Historically, our society has associated the phrase truck driving with men, but a growing number of women have joined the ranks of truck drivers. Statistically, industry figures reveal that almost 200,000 women across America have become professional truck drivers, and an increasing number of women are choosing to get behind the wheel each year. The industry does offer many advantages, including job availability, retirement plans, job security and competitive salaries.
The trucking industry reportedly lost $9.209 billion because of traffic congestion in 2013, according to a new report. The data shows that the industry in aggregate was delayed 141 million hours in 2013 because of traffic jams and roadway congestion. As you might expect, nearly 90% of the delays were in urban areas and cities, while the more rural areas of the country saw very few delays. Put another way, this enormous loss is equal to over 51,200 drivers sitting idle for an entire year!
These three tips are important for new drivers and experienced long haul truckers alike.
At the tail end of 2015, several important pieces of legislation came about, which could affect the trucking industry in 2016 and beyond. First, there was the FAST Act, which provides $4.5 billion in funding over 5 years for the Nationally Significant Freight and Highway Projects Program. In addition, it includes an 18 percent increase in funding for transit over five years and restores a discretionary funding program for bus purchases, gives local governments more flexibility on what infrastructure projects they want to spend federal funds on, and also supports smart transit-oriented development projects through federal financing programs, among various things.
Last year, the U.S. Department of Transportation released the results of the truck parking survey conducted in 2015 by the FHA. The survey’s goal is to seek out key areas of truck parking that need improvement. Most states reported a shortage of truck parking, with the exception of a few states that are more rural in nature.
Last year, almost 80,000 crashes were reported to the Minnesota Department of Public Safety. Of those reported, just over 5,000 - or 6 percent - were truck-involved crashes. That is a 6 percent year-over-year increase compared to 2013.
According to new data from the Department of Transportation, the rate of rate of truck-involved fatalities is on the way down. The improved safety numbers can be attributed to the big investments that the trucking industry has made over the past decade to improve safety, coupled with legislative action that has demanded common-sense safety measures be put into practice. According to analysis of miles traveled (collected from the Federal Highway Administration), the rate of truck-involved fatalities fell for the second year in a row, down to 1.40 per million miles.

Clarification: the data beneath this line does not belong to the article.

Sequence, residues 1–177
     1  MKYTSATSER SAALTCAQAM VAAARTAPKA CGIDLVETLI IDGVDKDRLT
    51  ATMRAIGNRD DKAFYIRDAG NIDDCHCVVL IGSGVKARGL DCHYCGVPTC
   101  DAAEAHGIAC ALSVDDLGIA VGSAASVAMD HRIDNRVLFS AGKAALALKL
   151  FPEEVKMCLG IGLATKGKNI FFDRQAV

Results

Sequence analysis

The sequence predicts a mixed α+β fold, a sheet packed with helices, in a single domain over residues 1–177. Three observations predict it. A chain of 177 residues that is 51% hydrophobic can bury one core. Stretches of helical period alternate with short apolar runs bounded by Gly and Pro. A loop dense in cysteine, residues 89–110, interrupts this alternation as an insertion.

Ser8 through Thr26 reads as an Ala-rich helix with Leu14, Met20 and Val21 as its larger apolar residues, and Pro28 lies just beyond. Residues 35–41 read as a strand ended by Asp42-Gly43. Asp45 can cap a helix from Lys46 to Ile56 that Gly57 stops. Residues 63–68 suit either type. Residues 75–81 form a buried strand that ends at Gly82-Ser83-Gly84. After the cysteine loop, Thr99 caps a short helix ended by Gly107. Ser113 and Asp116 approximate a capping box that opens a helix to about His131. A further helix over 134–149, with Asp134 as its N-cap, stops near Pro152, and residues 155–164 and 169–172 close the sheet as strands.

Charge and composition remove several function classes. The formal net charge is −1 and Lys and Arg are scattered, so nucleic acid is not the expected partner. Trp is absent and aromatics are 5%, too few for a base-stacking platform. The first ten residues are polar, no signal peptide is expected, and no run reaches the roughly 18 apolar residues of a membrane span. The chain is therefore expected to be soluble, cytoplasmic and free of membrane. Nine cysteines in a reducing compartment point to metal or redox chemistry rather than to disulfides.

The Department of Transportation requires some truckers to have physicals conducted every 24 months. A DQ (Driver's Qualification), it's required in some situations, including the following:
If you're like most of our clients, you want to maximize the lifespan of your rig. During the winter months, careful and specific maintenance changes are required to make sure that you keep your truck on the road and earning money. We've partnered with some industry experts to bring you a few important tips that every trucker should know!
Since big rigs are usually so much heavier than other vehicles on the road, studies have shown that accidents are significantly more severe when an 18-wheeler is involved. When a smaller car rear-ends a large truck or trailer, the smaller vehicle is likely to slide under the trailer's floor, which can cause the windshield to make direct impact with the passenger compartment. Such accidents are almost always fatal, so the U.S. National Highway Traffic Safety Administration is proposing that trucks and trailers be required to install stronger guards on their trailers to reduce deaths caused when cars rear-end tractor trailers.